CFP: PKI research workshop

lynn.wheeler at lynn.wheeler at
Wed Dec 26 20:26:40 EST 2001

for the most part HTTPS SSL is certificate manufactoring (a term we coined
a couple years ago) .... "infrastructure" typically implies the
administrative and management .... which would require (at a minimum) CRLs
for a certificate-based PKI.

the interesting thing about the use of SSL domain name server certificates
is that they supposedly are addressing an integrity issue in the domain
name infrastructure .... i.e. SSL checks that the domain name listed in the
SSL domain name server certificate is the same as the domain name
clicked/typed in for contacting the server. The issue is that the domain
name could be hijacked and instead of going to the "real" IP-address ....
it gets rerouted to a fraudulent IP-address.

however, if you track back the trust infrastructure for the SSL domain name
server certificate .... the process is somebody applies for a SSL domain
name server certifificate with a certification authority. The standard
operating procedure for certification authorities is that they typically
have to verify the information that they are certifying (in this case
domain name ownership) with the authoritative agency for the information
(in this case the domain name infrastructure). Now since there could be an
integrity problem in the domain name infrastructure with respect to domain
name hijacking ... there in fact could be a domain name hijacking prior to
the application for a certificate .... which results in the issuing of a
valid SSL domain name server certificate to the wrong entity.

One of the suggestions for addressing the domain name infrastructure
integrity issue is for public keys to be registered at the same time as the
domain name .... and then further communication with the domain name
infrastructure be with digitally signed messages ... as part of the process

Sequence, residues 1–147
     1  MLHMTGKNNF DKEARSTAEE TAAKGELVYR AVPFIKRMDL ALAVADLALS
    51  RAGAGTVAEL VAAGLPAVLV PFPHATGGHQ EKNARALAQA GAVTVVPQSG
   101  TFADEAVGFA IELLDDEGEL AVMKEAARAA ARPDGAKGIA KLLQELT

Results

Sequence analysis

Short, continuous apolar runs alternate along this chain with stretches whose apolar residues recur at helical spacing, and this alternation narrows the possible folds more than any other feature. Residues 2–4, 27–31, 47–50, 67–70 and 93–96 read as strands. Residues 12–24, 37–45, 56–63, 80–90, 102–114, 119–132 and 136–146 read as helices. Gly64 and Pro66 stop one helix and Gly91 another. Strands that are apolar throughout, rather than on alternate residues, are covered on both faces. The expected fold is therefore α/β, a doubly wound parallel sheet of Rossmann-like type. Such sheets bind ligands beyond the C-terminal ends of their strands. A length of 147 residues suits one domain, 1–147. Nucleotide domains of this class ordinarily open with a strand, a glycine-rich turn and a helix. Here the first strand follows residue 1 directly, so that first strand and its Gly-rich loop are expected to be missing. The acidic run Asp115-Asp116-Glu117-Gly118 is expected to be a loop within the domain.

for thwarting domain name hijacking. Note however, since the domain name
infrastructure is the registration authority for the public key as well as
the relying party receiving the signed messages .... certificates are
redundant, superfulous, and extraneous .... even tho it still could be
considered a (certificate-less) "publick key infrastructure" with
significant administrative and management support.

The other interesting aspect is that the existing domain name
infrastructure is set up for (presumably) trusted, (near) real-time
distribution (and updating) of almost any kind of information; not just the
(nearly) trusted binding of domain name to IP-address. Given that public
keys are also registered with domain names at the same time as domain name
and ip-address .... then a trusted domain name infrastructure could be
relied upon to implement a (certificate-less) near real-time "public key
infrastructure" (with full administrative and management functions already
in existance) .... aka the domain name infrastructure could optionally
distribute public key in the same response that it distributes ip-address
...... eliminating the requirement for a certificate-based PKI for trusted
public key distribution.

This is somewhat a catch-22 .... that one of the solutions to addressing a
basic SSL domain name certificate integrity problem (i.e. a CA has a broken
trust chain if there is an integrity issue with the authoritative agency
responsible for the information that a certification authority must